Incentive value and spatial certainty combine additively to determine visual priorities
Research output: Contribution to journal › Article › peer-review
Colleges, School and Institutes
How does the brain combine information predictive of the value of a visually guided task (incentive value) with information predictive of where task-relevant stimuli may occur (spatial certainty)? Human behavioural evidence indicates that these two predictions may be combined additively to bias visual selection (Additive Hypothesis), whereas neuroeconomic studies posit that they may be multiplicatively combined (Expected Value Hypothesis). We sought to adjudicate between these two alternatives. Participants viewed two coloured placeholders that specified the potential value of correctly identifying an imminent letter target if it appeared in that placeholder. Then, prior to the target's presentation, an endogenous spatial cue was presented indicating the target's more likely location. Spatial cues were parametrically manipulated with regard to the information gained (in bits). Across two experiments, performance was better for targets appearing in high versus low value placeholders and better when targets appeared in validly cued locations. Interestingly, as shown with a Bayesian model selection approach, these effects did not interact, clearly supporting the Additive Hypothesis. Even when conditions were adjusted to increase the optimality of a multiplicative operation, support for it remained. These findings refute recent theories that expected value computations are the singular mechanism driving the deployment of endogenous spatial attention. Instead, incentive value and spatial certainty seem to act independently to influence visual selection.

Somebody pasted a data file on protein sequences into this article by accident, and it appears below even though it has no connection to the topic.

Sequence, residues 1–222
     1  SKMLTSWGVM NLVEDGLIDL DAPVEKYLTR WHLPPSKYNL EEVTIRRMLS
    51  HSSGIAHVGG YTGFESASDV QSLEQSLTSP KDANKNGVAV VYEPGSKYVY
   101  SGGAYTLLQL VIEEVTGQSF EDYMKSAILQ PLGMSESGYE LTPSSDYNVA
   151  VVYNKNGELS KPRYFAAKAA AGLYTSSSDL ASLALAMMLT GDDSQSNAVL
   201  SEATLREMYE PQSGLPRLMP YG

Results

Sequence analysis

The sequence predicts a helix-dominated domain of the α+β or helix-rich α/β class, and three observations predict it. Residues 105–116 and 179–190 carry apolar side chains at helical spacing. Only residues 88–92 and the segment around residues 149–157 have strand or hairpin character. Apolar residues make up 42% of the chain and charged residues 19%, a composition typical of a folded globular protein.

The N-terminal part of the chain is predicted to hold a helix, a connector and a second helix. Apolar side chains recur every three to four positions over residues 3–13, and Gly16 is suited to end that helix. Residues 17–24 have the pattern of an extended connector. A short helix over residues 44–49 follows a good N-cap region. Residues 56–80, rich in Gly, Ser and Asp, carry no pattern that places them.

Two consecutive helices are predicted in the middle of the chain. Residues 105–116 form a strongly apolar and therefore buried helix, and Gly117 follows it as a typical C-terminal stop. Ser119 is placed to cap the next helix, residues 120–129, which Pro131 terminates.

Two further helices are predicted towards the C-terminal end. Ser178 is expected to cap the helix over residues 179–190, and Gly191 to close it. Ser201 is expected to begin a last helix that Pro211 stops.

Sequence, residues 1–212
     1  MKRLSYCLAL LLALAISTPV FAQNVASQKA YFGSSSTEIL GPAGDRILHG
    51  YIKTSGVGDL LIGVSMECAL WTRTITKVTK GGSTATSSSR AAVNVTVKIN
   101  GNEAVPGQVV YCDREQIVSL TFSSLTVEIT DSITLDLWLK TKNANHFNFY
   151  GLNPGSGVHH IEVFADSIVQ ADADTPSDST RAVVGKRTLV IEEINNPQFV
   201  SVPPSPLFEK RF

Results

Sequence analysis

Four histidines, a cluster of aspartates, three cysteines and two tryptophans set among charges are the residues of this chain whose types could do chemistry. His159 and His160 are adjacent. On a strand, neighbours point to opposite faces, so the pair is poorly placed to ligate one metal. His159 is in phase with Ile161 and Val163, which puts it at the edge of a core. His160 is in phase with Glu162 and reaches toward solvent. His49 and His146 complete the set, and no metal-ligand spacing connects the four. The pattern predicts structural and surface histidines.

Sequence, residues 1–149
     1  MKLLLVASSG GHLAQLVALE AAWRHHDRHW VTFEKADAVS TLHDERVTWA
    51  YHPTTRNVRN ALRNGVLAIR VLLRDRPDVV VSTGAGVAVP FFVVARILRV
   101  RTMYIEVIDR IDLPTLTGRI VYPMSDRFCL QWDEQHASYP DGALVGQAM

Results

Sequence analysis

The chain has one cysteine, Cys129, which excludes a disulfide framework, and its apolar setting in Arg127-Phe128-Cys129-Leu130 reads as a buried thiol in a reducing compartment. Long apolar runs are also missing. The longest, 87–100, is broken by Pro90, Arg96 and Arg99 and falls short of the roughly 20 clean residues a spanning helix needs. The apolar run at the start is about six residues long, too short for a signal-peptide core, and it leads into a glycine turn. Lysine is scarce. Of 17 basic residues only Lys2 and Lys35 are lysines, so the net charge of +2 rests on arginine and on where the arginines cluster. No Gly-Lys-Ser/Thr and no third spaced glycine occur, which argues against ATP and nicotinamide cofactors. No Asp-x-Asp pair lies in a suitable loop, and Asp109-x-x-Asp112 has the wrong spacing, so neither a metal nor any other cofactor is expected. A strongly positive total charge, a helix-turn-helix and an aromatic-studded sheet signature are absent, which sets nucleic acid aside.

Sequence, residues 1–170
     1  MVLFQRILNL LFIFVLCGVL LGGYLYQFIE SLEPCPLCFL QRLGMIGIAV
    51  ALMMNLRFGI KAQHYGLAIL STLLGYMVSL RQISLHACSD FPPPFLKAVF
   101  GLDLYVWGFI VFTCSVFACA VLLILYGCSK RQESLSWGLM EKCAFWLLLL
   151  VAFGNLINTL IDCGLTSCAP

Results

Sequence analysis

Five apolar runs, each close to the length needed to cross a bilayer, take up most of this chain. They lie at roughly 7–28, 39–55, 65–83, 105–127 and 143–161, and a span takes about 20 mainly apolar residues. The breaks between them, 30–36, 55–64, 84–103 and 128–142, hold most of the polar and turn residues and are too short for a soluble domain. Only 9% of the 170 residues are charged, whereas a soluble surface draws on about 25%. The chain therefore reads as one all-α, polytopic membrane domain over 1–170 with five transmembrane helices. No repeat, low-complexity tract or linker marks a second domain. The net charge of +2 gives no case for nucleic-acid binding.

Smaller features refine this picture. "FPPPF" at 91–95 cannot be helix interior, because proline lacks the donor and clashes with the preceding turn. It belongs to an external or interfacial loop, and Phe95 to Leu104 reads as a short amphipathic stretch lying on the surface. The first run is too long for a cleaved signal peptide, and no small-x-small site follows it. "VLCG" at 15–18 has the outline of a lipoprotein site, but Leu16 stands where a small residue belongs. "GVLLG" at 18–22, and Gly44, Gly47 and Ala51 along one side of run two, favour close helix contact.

|Journal||Attention, perception & psychophysics|
|Early online date||9 Oct 2020|
|Publication status||E-pub ahead of print - 9 Oct 2020|